In Moore’s proof if an external world, he is attempting to show that we can know things outside of our own us (Moore; 144). He proves this by using the example of showing his hands, pointing at one hand and saying “here is my right hand” then pointing to the other and saying the same thing (Moore; 144). He states that by just being able lift hand is proof that it exists. He provided three conditions that support his claim which are that; if his two conclusions differ from one another, which they do not. If he knew proof but did not believe it and vice versa; and finally if his conclusion did not follow the premises which it did (Moore ; 145).
Moore addresses the issues that readers have about the fact that he is not answering the question. He claims that they are seeking a statement saying, “Here’s one hand and here’s the other”, to prove external existence by coming up and examining both hands (Moore; 146). This statement is meant to accommodate all the examples of proof of external objects (Moore, 147). It is very unlikely that on exists because for that statement to be true there would have to be an initial proof that a person is not dreaming which is quite difficult to do.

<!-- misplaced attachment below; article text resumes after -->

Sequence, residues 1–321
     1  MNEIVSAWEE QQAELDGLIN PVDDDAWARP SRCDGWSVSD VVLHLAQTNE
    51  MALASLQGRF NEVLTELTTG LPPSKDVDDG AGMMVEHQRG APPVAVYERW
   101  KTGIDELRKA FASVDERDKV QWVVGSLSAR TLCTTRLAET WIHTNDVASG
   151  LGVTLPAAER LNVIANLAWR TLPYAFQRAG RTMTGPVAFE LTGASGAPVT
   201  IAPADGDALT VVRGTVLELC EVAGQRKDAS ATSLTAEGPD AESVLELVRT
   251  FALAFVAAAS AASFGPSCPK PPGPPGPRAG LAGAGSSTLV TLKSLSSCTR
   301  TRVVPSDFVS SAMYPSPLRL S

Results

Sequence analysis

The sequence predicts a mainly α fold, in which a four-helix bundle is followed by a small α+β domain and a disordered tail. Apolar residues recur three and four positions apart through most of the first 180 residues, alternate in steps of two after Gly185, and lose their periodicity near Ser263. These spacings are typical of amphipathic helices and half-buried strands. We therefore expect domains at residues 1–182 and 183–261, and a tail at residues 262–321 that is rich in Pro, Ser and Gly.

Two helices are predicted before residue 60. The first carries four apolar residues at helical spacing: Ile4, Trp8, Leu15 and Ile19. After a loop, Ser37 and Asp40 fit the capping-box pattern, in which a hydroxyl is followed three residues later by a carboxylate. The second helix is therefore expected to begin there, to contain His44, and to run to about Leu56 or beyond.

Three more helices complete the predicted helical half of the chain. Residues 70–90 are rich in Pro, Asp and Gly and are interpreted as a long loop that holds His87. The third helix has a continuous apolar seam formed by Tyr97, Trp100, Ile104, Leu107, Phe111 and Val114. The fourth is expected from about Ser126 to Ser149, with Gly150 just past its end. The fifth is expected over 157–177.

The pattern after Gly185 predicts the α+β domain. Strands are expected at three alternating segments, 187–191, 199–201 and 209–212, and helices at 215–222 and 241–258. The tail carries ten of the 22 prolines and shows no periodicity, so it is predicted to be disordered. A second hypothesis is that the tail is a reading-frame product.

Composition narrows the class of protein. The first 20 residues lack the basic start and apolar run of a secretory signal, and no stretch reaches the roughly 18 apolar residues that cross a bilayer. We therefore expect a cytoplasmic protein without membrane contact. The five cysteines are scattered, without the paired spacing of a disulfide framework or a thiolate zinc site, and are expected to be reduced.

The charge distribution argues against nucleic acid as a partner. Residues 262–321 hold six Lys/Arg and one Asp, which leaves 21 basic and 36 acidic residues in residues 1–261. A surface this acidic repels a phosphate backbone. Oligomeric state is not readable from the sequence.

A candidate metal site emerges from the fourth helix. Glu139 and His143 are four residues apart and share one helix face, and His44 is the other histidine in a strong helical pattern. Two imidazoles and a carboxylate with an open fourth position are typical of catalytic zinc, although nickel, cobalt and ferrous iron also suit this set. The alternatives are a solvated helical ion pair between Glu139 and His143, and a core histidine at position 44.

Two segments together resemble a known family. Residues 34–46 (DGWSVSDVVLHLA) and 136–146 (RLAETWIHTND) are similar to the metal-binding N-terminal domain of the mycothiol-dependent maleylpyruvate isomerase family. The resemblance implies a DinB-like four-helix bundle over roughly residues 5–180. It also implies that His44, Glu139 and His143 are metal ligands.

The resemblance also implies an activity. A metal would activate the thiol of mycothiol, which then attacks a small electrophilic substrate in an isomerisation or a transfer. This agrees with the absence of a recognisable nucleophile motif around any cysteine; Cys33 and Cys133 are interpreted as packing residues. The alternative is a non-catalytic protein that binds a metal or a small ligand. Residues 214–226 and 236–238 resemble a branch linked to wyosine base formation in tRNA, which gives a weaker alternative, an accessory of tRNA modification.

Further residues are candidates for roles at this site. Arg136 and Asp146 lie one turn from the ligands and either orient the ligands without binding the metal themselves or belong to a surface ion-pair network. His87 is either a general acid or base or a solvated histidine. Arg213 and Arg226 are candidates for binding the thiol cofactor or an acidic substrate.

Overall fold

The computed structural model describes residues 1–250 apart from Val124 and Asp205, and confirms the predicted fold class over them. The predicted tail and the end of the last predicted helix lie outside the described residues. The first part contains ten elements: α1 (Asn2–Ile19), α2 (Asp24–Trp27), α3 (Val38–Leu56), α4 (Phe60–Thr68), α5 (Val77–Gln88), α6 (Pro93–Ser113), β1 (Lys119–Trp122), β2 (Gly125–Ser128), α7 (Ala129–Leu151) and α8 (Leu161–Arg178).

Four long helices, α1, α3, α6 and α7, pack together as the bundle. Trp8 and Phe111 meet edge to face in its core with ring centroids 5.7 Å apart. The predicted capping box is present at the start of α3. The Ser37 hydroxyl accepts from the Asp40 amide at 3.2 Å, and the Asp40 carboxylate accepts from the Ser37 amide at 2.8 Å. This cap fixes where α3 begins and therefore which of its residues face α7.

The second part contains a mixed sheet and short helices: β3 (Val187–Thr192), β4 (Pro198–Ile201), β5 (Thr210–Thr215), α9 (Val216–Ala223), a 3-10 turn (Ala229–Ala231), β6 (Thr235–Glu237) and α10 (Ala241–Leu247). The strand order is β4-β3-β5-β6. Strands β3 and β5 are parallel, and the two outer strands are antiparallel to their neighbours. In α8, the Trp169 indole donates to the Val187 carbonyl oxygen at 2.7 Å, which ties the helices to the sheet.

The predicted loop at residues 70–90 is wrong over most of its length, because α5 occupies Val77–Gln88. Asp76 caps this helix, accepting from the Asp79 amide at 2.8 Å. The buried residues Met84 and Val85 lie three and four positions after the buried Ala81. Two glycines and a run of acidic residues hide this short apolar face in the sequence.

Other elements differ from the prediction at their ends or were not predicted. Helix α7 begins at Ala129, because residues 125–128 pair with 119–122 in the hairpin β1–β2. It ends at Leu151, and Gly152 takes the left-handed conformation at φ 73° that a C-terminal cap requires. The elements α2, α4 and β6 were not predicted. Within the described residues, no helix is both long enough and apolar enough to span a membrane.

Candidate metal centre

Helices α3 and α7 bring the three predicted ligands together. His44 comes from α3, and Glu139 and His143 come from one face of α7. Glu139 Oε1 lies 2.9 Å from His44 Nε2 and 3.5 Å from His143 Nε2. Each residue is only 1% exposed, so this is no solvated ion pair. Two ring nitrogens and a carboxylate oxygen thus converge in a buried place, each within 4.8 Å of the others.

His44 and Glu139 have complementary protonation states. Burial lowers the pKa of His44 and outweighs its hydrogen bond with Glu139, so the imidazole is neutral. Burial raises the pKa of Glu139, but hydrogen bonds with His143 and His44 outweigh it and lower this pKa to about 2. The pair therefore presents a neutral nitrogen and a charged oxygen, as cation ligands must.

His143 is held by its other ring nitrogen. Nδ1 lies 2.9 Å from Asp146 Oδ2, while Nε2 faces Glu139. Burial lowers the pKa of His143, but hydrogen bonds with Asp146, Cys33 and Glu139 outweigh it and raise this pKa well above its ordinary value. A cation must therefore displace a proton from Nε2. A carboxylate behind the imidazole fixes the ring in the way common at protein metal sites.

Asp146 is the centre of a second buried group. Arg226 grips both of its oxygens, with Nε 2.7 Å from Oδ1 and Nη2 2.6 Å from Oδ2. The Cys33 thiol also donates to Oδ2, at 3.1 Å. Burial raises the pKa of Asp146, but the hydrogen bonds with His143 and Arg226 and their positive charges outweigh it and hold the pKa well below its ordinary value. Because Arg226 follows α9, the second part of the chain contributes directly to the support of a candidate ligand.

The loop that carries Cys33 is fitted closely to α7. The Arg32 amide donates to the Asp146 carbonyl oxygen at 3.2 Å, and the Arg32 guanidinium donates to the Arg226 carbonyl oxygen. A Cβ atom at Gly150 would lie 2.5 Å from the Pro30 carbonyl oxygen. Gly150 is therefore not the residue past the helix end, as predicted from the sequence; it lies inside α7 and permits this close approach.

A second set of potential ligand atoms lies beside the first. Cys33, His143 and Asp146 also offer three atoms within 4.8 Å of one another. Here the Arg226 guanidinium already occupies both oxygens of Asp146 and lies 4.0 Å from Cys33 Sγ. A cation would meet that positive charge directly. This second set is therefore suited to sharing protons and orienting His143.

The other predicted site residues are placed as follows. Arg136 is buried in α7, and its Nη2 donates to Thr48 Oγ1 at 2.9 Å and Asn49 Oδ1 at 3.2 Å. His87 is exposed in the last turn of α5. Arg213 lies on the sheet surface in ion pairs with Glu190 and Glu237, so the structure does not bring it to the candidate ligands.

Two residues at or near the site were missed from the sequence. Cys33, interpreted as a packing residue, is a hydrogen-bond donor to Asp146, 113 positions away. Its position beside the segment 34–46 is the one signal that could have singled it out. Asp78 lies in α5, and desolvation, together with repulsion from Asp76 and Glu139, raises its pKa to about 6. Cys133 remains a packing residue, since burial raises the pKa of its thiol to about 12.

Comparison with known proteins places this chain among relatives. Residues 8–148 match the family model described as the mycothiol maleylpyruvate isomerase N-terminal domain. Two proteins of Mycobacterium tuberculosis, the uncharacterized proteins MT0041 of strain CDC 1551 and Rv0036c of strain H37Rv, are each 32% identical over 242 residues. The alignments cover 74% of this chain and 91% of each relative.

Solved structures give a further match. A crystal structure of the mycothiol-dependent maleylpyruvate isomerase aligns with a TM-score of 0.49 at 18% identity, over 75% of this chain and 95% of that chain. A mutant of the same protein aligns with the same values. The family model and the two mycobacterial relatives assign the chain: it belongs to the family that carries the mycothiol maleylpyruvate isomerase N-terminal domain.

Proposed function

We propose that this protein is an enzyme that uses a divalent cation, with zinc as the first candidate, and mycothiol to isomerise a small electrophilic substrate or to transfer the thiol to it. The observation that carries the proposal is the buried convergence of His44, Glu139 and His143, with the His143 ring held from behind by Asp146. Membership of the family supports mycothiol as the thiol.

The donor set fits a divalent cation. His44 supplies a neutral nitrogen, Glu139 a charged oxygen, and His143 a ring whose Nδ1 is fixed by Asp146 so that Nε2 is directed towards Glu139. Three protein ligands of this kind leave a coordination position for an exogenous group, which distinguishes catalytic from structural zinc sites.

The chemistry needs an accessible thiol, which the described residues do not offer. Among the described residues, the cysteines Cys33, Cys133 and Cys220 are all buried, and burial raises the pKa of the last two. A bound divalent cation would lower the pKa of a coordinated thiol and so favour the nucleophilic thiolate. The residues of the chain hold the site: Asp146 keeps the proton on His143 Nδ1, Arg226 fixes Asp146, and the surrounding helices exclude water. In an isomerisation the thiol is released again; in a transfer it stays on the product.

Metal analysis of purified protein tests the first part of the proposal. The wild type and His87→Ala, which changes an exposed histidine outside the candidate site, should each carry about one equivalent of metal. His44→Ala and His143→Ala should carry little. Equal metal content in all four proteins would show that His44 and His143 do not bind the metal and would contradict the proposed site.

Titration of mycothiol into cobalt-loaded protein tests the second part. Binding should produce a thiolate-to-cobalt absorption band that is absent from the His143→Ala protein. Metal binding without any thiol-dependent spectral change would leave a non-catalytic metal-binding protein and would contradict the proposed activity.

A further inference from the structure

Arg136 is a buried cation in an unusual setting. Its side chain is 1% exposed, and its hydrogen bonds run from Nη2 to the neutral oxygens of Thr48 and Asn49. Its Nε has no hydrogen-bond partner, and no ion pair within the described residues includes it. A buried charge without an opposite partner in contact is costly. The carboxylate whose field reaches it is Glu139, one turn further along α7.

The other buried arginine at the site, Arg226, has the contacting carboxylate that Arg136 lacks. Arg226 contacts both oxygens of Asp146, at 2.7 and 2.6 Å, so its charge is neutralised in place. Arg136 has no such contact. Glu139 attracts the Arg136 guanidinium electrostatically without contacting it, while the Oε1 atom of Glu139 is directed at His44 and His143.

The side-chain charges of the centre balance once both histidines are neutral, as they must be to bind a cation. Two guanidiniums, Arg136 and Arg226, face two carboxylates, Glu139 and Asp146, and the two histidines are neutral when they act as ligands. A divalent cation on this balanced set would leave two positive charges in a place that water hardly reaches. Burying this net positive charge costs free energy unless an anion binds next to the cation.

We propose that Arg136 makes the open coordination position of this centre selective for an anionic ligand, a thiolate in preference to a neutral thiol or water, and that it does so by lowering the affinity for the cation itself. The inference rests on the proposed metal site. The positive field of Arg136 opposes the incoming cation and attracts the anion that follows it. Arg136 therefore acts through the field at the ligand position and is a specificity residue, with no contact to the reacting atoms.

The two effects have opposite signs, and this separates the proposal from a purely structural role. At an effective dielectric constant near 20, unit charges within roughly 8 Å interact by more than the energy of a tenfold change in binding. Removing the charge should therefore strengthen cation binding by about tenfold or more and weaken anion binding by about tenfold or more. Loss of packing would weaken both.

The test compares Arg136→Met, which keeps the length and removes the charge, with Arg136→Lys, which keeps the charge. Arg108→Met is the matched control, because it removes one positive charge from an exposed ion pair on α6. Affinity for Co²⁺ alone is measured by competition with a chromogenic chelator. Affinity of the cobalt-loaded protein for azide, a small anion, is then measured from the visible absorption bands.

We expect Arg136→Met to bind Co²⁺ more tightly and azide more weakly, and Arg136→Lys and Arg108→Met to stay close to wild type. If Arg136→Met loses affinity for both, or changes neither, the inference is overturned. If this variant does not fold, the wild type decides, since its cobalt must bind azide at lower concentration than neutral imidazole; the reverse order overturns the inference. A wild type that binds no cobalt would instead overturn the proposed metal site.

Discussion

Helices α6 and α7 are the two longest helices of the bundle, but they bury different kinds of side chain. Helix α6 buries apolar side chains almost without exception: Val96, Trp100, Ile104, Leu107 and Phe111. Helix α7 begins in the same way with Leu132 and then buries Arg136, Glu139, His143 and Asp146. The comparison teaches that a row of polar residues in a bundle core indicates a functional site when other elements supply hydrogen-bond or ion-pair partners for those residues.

Moore also provides an additional proof for objects that have previously existed by saying:” I held up two hands above the desk not very long ago, therefore two hands existed not very long ago and therefore at least two external objects have existed at some time in the past” (Moore; 146). He uses this as a solution to Immanuel Kant’s (1724–1804) problem of the existence of external objects; because it shows that the objects have existed at some point in time (Moore;146). [300 Words] Reference List G. E. Moore’s paper “Proof of an External World” Taken from Sosa, E. and J. Kim. 2000. Epistemology: An Anthology. Oxford: Blackwell Publishing.